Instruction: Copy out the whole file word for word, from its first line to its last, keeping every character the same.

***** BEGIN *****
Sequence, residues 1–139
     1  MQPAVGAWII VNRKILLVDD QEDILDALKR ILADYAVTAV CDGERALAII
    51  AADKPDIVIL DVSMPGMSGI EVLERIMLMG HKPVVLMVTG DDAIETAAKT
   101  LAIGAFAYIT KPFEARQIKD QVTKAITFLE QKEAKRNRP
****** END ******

Sequence, residues 1–139
     1  MQPAVGAWII VNRKILLVDD QEDILDALKR ILADYAVTAV CDGERALAII
    51  AADKPDIVIL DVSMPGMSGI EVLERIMLMG HKPVVLMVTG DDAIETAAKT
   101  LAIGAFAYIT KPFEARQIKD QVTKAITFLE QKEAKRNRP